Who do you want to inherit your possessions when you pass? Where do you want your property to go? Is there something special you’d like to hand down to a particular person?
Fail to consider these questions, and they’ll be answered for you by someone else.
That’s why a will is so important – it keeps you in complete control.
things to think about…
writing a 'will'
This is a common misconception. Your definition of a close relative won’t necessarily be the same as the government’s, and those without a will are subject to rules around who inherits what and how much.
Not at all. Anyone over the age of 18 can make one; just draw up a list of your assets and decide how you’d like to distribute them. Remember to appoint an executor to carry out the instructions, and sign it in the presence of two witnesses.
When you pass away without a valid will (known as dying intestate), the government decides where your assets go.
This often causes arguments amongst family members, and people receive far less than they were supposed to. Not exactly the kind of legacy you want to leave behind.
Wills are also used for after death requests as well as assigning assets. In your will, you can:
- Ask for your body to be handled in a certain way (burial, cremation etc)
- Make funeral requests
- Appoint guardians for children or pets
- Ensure provisions are made for dependent children
when someone dies
Estate administration involves handling a deceased person’s assets (property, belongings, cash etc).
Any debts are automatically removed from the estate, and the executor is tasked with making all the necessary calls to ensure everything is handled correctly.
You’ll need to know about probate if you’re the executor of a will.
Basically, probate involves a legal document that gives you the authority to deal with a loved one’s estate. This can be:
- A Grant of Probate (if they died with a will)
- Letters of Administration (if they died without a will)
You’ll need a Grant of Probate or Letter of Administration to gain control of your loved one’s estate and ensure possessions are allocated accurately.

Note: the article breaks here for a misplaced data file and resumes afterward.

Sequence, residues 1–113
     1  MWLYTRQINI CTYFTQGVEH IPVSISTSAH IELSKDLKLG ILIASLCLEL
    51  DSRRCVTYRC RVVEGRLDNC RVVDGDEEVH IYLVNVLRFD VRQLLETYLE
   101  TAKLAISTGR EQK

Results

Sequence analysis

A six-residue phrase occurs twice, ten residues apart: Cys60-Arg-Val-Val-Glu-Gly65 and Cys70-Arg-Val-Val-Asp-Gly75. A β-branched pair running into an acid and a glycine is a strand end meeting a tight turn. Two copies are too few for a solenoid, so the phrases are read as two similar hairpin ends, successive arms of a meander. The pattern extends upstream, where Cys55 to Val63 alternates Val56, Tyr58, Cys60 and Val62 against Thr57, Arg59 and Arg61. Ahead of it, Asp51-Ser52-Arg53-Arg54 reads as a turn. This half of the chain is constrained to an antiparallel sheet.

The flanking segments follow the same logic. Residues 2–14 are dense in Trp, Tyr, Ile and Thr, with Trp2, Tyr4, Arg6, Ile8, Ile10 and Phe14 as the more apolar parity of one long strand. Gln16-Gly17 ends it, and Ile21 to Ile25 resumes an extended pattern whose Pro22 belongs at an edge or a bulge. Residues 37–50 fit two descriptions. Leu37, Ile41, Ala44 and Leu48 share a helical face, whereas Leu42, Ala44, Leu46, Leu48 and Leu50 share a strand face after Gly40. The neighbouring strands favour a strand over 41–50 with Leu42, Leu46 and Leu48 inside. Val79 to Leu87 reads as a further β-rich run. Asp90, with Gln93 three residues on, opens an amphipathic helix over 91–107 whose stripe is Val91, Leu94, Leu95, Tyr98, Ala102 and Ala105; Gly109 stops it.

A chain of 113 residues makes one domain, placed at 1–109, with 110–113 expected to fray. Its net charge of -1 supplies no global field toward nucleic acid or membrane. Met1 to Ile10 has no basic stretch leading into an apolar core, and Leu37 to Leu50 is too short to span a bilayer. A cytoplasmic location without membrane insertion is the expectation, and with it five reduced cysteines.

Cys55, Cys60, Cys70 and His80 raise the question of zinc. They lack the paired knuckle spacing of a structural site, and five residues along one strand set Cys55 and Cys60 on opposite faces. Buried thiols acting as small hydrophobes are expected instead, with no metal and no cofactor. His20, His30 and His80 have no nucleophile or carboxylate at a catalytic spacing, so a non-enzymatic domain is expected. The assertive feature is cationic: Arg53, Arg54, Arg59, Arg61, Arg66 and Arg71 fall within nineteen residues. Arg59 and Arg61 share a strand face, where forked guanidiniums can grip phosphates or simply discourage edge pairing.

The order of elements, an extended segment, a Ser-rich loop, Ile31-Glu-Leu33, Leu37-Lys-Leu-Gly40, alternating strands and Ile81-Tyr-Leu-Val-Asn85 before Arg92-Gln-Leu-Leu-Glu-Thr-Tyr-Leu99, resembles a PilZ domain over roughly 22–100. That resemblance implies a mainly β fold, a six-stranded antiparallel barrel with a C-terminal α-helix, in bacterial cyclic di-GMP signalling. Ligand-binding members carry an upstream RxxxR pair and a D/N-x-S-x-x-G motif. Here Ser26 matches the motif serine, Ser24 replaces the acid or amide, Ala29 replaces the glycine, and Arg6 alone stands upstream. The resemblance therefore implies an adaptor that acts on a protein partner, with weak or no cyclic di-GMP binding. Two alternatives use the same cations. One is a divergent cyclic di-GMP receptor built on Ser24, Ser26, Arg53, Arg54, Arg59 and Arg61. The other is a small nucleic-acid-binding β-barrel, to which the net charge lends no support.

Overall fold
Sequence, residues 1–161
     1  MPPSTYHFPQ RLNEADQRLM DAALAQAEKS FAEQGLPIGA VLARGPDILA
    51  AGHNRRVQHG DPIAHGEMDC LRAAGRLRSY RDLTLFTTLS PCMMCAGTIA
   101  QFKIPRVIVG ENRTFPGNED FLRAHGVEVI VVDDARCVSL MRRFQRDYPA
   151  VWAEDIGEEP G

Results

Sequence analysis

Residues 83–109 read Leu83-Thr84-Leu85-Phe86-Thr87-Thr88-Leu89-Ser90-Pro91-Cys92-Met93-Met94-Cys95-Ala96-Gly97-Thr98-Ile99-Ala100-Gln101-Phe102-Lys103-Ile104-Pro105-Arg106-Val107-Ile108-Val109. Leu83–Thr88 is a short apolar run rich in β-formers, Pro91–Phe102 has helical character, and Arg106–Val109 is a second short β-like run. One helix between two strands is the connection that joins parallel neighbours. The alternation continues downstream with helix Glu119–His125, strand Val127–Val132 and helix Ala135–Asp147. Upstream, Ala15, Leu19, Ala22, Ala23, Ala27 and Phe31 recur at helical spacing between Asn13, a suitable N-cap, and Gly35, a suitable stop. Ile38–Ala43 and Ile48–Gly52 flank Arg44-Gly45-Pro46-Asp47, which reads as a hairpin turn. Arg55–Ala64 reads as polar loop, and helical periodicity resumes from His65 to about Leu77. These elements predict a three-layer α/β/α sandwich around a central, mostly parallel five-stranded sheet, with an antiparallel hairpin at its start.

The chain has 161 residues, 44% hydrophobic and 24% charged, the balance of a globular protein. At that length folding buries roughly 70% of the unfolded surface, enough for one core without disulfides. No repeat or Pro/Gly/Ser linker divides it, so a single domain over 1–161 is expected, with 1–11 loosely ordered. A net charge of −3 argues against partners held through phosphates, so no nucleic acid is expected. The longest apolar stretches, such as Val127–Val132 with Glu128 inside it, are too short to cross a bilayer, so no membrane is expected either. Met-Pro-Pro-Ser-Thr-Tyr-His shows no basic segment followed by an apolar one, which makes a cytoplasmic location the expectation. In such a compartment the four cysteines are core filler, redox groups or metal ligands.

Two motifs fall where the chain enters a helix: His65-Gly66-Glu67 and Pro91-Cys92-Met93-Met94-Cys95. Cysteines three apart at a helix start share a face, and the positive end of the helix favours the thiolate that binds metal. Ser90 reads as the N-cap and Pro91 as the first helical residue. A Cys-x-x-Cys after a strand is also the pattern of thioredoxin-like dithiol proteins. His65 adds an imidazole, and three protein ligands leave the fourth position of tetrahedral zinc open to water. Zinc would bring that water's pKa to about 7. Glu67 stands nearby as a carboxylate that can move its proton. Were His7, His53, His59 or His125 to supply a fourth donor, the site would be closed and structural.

If your loved one had less than £5,000 in assets, however, probate may not be necessary.
You can either get in touch with the local Probate Registry (which requires lots of form completion and an interview), or apply through a legal professional like forethought – who handle as many of the duties as possible.
how forethought can help
We handle the role of executor for you, taking away the stress. It’s not an easy role by any means, and we can ensure everything is handled correctly in the best possible way.
Forethought Estate Planning is different in how we care for our clients.
Your dedicated Case Handler will administer your estate and visit your next of kin in the comfort of their own homes, supplying progress reports to keep you informed.
Our fees are extremely competitive. We provide a fixed fee for probate based on the value of the estate, and issue a lifetime guarantee that this price will remain fixed until Probate is required.
We will do everything we can to make the whole process as quick and as stress-free as possible. In most cases, estates are completely settled within several months.
Looking for more information? No problem. Give us a call today on 01565 656 619.
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